sellers. Some sellers noted some positive effects, citing an increase in the demand for long-haul,
long-duration trips to capitalise on the redundancy packages. This was particularly prevalent
among older travellers. Sellers commented that the youth and WHV markets held up well due to
the stronger job market perception in Australia than in Ireland. Other sellers, however, reported
a general decline in the levels of bookings and enquiries. Consistent with the sellers in other
countries, Irish sellers reported a continuation of the late booking trend.


4.8      Japan

Tourist arrivals from Japan fell by 24 per
cent in May 2009 and fell by 45 per cent
in June 2009 compared to the same
months the previous year. Tourism
Australia estimates that Japanese
arrivals will be down by up to 40 per cent
in July 2009 compared to the same
months in 2008 due mainly to the
significant impact of H1N1 on the School
excursion segment.



Visa applications from Japan fell by over
40 per cent and 50 per cent across all visa types in June and July 2009 respectively, compared to
the same months in the previous year.

Japanese sellers, while reporting some improvements in July enquiries, have mostly reported
strong decline in bookings for the period July to September (more than 25 per cent). Sellers have
commented that the cancellations were primarily due to H1N1, and significantly the peak
season for the school excursion segment. Sellers also noted a tendency for travellers to choose
‘shorter-haul’ destinations (e.g. Micronesia) over Australia and Hawaii.

www.tourism.australia.com/globalmarketmonitor
                                                21


Sellers reported that the Japanese tourists generally feel Australia, with the exception of Cairns,
as an expensive destination. Short lead time is also a key trend observed by the sellers, noting
that the airlines’ heavy discounting practices cause a ‘deflationary spiral’ in the prices, which
provide consumers with great incentives to hold-out their purchases until the last minute.
Furthermore, one seller noted that the airlines are tightening the conditions for group bookings
(for group tours), and this is providing sellers with the disincentive to promote group tours to
countries such as Australia.


4.9      China

The Chinese market went into decline
around mid 2008, following the
catastrophic Sichuan Earthquake and the
Government’s and public’s reaction of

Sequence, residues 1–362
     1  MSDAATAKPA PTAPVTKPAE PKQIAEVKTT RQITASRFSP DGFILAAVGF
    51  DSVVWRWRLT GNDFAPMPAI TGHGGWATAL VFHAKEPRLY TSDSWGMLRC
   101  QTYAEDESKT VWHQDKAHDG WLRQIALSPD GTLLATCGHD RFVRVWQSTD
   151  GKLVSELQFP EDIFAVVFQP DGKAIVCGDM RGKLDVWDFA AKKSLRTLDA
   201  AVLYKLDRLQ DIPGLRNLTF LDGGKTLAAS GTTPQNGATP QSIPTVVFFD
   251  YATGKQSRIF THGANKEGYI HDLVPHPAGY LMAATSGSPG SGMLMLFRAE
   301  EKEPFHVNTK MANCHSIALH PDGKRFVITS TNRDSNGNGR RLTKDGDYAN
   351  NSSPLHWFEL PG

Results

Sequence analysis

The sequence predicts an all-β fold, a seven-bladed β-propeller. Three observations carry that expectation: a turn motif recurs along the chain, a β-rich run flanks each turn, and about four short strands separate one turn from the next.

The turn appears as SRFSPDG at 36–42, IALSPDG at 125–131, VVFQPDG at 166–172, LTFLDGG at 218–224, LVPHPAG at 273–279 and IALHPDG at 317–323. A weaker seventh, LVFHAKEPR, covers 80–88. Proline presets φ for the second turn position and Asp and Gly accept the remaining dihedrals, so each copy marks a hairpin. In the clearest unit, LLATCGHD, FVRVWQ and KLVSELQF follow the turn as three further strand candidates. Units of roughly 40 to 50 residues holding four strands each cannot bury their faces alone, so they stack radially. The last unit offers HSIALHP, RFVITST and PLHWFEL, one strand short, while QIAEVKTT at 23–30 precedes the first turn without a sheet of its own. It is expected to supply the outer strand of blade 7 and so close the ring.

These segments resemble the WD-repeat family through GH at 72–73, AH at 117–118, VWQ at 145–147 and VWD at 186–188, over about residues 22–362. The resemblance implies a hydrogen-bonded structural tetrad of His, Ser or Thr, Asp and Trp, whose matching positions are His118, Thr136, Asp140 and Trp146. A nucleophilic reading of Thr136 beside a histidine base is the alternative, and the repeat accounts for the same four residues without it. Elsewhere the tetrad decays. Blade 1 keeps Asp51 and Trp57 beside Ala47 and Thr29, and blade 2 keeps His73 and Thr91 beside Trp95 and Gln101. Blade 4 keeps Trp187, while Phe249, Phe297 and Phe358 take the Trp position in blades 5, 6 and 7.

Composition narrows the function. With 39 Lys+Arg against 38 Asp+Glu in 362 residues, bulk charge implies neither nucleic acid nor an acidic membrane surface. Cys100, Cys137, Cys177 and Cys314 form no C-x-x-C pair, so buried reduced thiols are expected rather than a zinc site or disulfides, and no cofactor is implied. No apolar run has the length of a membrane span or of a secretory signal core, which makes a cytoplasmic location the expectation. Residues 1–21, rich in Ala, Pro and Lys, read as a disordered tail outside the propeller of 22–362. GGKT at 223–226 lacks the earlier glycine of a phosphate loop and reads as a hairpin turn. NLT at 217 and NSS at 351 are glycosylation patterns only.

cutting outbound travel. This trend was
reinforced by a stay at home approach
for the Beijing Olympics and the
cancellation of the National Golden
Week holiday period.




Tourist arrivals from China fell by 18 per cent in May 2009 and fell by 21 per cent in June 2009
compared to the same months the previous year. It is estimated that Chinese arrivals will be
down by a more moderate 4 per cent in July.

Leisure visa applications from China were down during May and June 2009 compared to the
same months in the previous year. Business visas declined in May however improved in June.
Leisure visa applications account for approximately 75 percent of all visa applications lodged and
lead actual arrivals by around a month.

Sellers in China reported a sharp drop (common to report over 25 per cent drop) in the levels of
enquiries and bookings for June, July and August. Cancellations in July and August were also over
25 per cent for many sellers. Almost all sellers cited the H1N1 and the associated government
advice on overseas travelling (and the strict quarantine policy) as the main cause of this drop.
But some sellers also noted that June and July are traditionally a weak season, therefore, the
sharp drop in percentage exaggerates what is a small volume.

The short-term outlook varies with some sellers indicating that many bookings in July have been
postponed to August and September. Some sellers are cautiously optimistic about the corporate
tour and FIT in the coming months once the H1N1 flu is under control. Sellers are generally
positive towards the National holiday period in October. Sellers maintain that Australia remains
a top destination for Chinese tourists due to its ‘safe and healthy’ image.